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Malpractice in public office. Gwinnett Superior Court. Before Judge Culpepper from Macon Circuit.
Motion to Quash. John F. Lester, Judge of Recorder's Court of Gwinnett County, has been charged with malpractice in office. The State obtained an indictment containing five counts, only two of which are of concern in this appeal. In Count I, Judge Lester is accused of improperly entering nolle prosequi action on 100 traffic violations, but at the same time accepting, on behalf of the county, costs of court and payment of fines for serious traffic offenses such as driving under the influence of an intoxicant and similar charges that possibly could result in the suspension and/or revocation of licenses to operate vehicles in this state. As a result of the nolle prosequi action, notification to the Department of Public Safety was not accomplished for its consideration of the traffic violation and the purpose of OCGA 40-13-3 ostensibly was thwarted. As to Count IV, Judge Lester is accused of accepting pleas of guilty to lesser offenses (pedestrian drunk or public drunk in lieu of driving under influence) by defendants who were not present in court, in 243 traffic cases, and of accepting costs and payment of fines based upon the lesser offenses. Once again the State alleges that the result of these guilty pleas was to thwart the purpose of OCGA 40-13-3.
Judge Lester entered a motion to quash 24 of the 100 cases in which nolle prosequi had been entered and 91 of the 243 cases in which conviction of a lesser offense had been entered on the ground that the action taken by the judge in each of these 115 cases had occurred over two years before the date of the indictment. Discovery of these actions was based upon an audit by the GBI which reflected the course of conduct followed by the recorder in his court. It is contended by appellant and fully conceded by the State that malpractice n office is a misdemeanor and that the appropriate statute of limitations applicable thereto is two years. The trial court quashed those parts of Counts I and IV which reflected actions taken by the recorder which predated the indictment (and the August, 1983, audit by the GBI) by more than two years. The State appealed, complaining of the trial court's quashing of these portions of the apparently otherwise validly constituted indictment. Held:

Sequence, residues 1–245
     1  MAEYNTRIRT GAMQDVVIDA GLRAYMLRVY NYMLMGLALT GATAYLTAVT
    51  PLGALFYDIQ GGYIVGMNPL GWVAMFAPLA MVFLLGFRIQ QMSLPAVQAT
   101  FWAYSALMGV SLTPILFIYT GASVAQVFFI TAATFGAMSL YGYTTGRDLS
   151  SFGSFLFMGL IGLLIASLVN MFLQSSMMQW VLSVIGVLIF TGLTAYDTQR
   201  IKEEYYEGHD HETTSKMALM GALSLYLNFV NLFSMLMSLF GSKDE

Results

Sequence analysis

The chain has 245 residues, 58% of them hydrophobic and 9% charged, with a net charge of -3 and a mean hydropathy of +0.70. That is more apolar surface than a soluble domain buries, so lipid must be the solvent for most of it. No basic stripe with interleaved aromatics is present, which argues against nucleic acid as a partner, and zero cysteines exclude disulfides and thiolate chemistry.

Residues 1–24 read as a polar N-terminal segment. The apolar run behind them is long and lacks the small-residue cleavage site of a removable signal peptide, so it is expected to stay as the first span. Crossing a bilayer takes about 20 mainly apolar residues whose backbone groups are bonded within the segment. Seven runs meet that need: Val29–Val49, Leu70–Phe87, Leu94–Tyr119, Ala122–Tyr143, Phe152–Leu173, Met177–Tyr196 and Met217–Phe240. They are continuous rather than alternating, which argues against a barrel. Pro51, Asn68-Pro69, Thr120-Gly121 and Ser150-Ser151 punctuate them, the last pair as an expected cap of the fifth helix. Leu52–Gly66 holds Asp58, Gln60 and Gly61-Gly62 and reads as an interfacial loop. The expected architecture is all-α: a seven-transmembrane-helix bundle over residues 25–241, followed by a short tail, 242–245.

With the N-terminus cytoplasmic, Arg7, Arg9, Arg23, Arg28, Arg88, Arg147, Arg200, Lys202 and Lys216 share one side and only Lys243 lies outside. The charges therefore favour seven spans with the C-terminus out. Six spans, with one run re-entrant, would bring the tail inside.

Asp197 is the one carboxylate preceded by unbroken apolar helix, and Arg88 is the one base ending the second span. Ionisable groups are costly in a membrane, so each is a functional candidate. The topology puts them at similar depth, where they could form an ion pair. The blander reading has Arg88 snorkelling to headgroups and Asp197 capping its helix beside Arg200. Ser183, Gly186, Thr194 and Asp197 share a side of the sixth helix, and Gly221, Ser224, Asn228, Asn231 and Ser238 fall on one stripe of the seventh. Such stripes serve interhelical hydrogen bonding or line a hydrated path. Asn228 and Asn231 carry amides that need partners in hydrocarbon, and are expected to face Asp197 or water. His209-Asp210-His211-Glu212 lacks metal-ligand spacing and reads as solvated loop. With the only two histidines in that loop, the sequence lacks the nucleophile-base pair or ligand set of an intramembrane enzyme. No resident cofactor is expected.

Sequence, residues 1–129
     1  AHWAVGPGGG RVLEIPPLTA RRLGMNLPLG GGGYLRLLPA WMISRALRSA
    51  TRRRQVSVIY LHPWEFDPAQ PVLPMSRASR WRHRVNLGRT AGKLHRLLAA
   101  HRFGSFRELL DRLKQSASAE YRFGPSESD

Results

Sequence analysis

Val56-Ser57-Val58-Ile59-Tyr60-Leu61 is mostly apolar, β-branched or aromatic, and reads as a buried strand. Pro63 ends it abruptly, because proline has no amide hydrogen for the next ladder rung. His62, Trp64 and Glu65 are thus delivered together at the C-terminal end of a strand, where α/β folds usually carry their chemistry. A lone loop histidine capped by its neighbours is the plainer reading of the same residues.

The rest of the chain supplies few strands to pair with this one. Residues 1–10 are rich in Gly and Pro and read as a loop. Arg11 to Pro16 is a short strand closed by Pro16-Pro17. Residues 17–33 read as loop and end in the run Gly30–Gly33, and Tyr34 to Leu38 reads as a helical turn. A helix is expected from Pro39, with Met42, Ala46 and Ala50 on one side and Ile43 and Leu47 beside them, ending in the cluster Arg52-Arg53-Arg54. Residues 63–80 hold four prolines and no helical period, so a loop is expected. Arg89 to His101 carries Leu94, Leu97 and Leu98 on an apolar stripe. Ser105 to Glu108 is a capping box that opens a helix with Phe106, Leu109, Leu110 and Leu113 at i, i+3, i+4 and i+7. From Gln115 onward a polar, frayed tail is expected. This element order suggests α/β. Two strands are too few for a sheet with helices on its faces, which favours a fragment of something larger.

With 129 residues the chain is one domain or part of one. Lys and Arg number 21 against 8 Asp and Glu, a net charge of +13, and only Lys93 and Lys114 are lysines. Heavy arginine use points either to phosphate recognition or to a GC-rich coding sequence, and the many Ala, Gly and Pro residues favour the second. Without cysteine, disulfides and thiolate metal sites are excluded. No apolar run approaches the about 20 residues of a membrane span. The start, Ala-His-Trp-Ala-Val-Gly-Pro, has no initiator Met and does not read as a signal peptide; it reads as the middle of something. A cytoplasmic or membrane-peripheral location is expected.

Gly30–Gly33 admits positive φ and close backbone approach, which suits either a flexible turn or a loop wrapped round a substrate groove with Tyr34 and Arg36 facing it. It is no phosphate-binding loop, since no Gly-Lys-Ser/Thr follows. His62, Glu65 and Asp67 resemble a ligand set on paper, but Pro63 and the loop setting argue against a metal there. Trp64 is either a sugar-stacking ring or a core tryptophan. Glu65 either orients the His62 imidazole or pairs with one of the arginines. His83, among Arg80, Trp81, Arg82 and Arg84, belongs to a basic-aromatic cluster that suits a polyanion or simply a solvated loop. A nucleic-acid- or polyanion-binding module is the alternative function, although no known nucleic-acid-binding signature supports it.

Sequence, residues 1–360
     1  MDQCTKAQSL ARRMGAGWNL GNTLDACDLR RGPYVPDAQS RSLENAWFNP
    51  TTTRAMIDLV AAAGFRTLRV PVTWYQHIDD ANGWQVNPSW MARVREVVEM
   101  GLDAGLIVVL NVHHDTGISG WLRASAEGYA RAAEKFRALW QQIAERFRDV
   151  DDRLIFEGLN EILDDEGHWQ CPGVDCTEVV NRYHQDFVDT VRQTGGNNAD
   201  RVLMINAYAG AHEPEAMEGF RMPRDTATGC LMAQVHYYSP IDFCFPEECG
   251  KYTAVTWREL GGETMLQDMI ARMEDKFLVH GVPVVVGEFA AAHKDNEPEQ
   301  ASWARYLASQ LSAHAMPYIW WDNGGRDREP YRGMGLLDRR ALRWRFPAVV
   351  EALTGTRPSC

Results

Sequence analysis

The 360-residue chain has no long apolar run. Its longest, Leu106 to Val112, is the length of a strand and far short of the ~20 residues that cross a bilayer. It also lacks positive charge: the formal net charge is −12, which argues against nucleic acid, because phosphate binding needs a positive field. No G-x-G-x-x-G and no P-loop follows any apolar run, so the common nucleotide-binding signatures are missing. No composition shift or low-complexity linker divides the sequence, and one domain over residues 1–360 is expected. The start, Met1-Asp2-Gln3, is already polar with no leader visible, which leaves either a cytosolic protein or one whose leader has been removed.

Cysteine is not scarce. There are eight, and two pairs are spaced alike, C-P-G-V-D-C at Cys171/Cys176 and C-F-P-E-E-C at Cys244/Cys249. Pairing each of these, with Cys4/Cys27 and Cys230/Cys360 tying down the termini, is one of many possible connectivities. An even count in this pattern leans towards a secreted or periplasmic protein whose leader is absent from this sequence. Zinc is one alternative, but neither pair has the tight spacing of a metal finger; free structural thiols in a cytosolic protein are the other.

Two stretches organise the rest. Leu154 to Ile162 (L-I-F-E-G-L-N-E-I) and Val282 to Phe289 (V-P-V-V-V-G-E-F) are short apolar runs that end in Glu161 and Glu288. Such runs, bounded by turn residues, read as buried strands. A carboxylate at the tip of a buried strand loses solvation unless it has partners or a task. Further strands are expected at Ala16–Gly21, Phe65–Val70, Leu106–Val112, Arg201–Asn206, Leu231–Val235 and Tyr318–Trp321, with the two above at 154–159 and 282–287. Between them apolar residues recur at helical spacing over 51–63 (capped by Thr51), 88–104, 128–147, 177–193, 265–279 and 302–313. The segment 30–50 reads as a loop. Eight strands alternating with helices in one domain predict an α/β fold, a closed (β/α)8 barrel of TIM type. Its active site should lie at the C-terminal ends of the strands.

It is not contended by the State that any of the four exclusions provided in OCGA 17-3-2 are applicable so as to remove the two-year statute of limitations imposed by OCGA 17-3-1 (d). Rather, the State argues that as to the nolle prosequi entered by the recorder in the 100 cases that are the subject of Count I, a nolle prosequi is not necessarily a final termination of the case (depending upon the attachment of jeopardy), and the recorder by his improper actions entered a void judgment in each case. As such, the cases are still viable and thus the offense is a continuing one. As to the reduction of the driving under the influence to the lesser offenses of public drunk or pedestrian drunk in Count IV, each of these convictions was based upon an allegedly improper plea of guilty in that the defendant was never advised of the implications of his plea and the recorder never satisfied himself of the providency of the pleas of guilty. Again the State argues that each of these guilty pleas constituted a void judgment. As such, each of these cases remains pending and therefore the malpractice is a continuing offense.